The other day I was up at the Army hospital getting check-ups for Little Man and myself. If you have ever been to Tripler you know that parking can be more than chore, it can be a down right competition to get a decent spot-or a spot at all. I somehow lucked in to a really good spot within minutes of getting there though, a spot right in front of the family clinic. Woohoo!
During our appointments I was thinking of what my good deed for the day could be (yes, I do have to consciously think of these most days, apparently doing good deeds does not come natural to me) and I still hadn't thought of anything by the time we were heading back to the car. Honestly I was a little discouraged. Miss Priss was acting up, Little Man was crying after his shots, and I had just been prescribed three different allergy medicines to try before I go back to the ENT later this month. Anyway, doing a good deed for someone was slipping further and further into the back of my mind at this point.
Then Addi dropped her piece of paper. She dropped it in the middle of the road and before I could blink she had let go of my hand and ran back to the piece of paper that was now floating towards the cars that were heading our way.
I screamed at her to stop, and her little life passed before my eyes and my heart skipped a beat. The cars are going slow since it is parking lot traffic, but she is a little girl and it was a big truck that was coming our way. I honestly don't know how the guy saw her, but he did and he stopped. He motioned for her (she was now standing wide eyed at the reality of how close she came to being ran over) and waved at me that it was okay as I belted out my apologies.
My 'kind act' suddenly popped back into my head at that moment and I almost pushed it back. I didn't really think that something as small as the idea that was emerging to constitute a kind act, that it would really make a difference in someone's life or day. I decided I would go forth with my idea, but I wouldn't count it as my kind act. This all literally happened in a 10 second period.
As #9 started to speed up I kind of waved frantically to flag him down again, you could see the confusion on his face, but I pointed to my car that was only half an isle a way and motioned that I was leaving and he should wait to get my spot. Then I rushed to the car and went into my little routine to get the kids up and out of there.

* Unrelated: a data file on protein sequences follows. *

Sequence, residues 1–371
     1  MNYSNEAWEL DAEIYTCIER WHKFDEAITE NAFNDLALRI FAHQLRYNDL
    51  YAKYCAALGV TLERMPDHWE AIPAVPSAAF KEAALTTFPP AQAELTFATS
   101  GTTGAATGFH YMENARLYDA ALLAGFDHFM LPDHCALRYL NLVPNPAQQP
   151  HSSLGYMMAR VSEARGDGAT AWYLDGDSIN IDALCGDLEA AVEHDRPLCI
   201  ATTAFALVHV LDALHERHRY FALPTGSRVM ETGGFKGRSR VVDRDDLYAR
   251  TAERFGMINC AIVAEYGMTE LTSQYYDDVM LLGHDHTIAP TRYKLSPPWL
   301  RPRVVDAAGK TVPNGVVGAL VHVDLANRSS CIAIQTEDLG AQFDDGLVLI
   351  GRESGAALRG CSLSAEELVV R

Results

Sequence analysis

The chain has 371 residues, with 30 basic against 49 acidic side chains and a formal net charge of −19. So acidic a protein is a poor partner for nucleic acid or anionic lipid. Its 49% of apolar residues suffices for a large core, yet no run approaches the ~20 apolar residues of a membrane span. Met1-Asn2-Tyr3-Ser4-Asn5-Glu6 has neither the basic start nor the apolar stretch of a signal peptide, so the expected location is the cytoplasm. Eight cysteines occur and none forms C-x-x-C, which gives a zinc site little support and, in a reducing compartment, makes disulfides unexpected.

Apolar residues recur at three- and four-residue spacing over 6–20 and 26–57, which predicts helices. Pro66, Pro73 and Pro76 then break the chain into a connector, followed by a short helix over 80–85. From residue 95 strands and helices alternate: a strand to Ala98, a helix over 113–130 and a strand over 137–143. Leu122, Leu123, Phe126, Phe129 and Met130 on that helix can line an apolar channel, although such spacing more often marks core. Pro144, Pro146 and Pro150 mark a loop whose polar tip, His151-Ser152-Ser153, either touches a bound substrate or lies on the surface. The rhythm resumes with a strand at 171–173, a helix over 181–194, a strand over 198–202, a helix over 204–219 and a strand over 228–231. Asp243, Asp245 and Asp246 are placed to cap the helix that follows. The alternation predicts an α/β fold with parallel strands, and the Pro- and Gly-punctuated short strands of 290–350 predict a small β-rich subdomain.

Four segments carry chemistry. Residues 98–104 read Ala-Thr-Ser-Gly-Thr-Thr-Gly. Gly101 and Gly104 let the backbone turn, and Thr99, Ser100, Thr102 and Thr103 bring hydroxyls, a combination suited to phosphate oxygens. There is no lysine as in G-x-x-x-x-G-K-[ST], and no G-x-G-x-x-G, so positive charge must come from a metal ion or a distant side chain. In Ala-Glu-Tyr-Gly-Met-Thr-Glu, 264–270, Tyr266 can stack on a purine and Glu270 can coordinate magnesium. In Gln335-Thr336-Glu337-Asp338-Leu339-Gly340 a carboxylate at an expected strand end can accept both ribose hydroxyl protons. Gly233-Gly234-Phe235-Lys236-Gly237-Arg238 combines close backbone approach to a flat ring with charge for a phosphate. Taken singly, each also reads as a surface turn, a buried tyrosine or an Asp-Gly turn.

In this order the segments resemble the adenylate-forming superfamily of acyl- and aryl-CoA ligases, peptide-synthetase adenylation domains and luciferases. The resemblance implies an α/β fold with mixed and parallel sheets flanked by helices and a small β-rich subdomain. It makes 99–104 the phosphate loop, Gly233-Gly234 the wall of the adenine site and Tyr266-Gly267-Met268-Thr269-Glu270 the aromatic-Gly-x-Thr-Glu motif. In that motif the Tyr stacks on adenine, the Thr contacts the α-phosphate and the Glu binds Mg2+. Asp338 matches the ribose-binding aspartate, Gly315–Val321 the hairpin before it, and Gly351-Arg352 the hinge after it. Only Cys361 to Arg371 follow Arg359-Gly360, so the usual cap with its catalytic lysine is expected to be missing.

Addi in the car buckling herself up, diaper bag and any extra's in the front seat, Atlas out of the stroller and in his carseat, Atlas' toys out of the stroller and tucked into the carseat with him. A kiss for Atlas, blow a kiss to Addi. Pack up the stroller, close the trunk, and go. As a mother it's these little, almost robotic routines that help me keep my sanity throughout the day. I wasn't thinking any more of the kind act, I was just thinking about getting in and gone quickly so this man could have my spot and the cars that were starting to line up behind him wouldn't be annoyed.
But as I was folding up the stroller the #9 rolls down his window and pulls up behind my car. I honestly thought he was annoyed I was taking so long and was going to tell me to thanks but no thanks, he would find another spot. I started to say "Sorry it will only be another minute, I'm leaving as soon as I get this in..." when he interrupted me and said "Ma'am, I just wanted to let you know you are awesome. It seems like you are in a routine and it is efficient, I don't think I could do this so quickly with a child and a baby, and I just felt like I needed to tell you that you are doing a good job. Thank you for helping me out with this spot."
I think I stammered a thank you, then quickly got in the car as he backed up again and pulled out so he could claim the spot. I drove the entire way home with my mouth wide open, in awe that he took the time to say that to me. To do a kind act, for me. And he didn't even know I was doing one for him! His words made me decide to count that act as my kindness act for the day, because his words showed me that it really doesn't matter how little the acts are, they still make an impact on people. I don't know if it was my kind act that made him think to say something kind to me, but it could have been, and that's part of what I am hoping for- a chain reaction of kindness- to come out of this journey.
After the time we had had at Tripler, the grouchy mood my kids were in, and the fact that my daughter could have very well died or been seriously injured at least under my watch just then, I was honestly feeling anything but like I was doing a good job at that point. His words made me want to cry, they effected me that much.
So thank you #9, for being kind to me. And thank you, #9, for showing me that the little things count too. It doesn't have to be big, giant, acts of kindness all the time-but those little acts that almost don't seem like they count, they really do.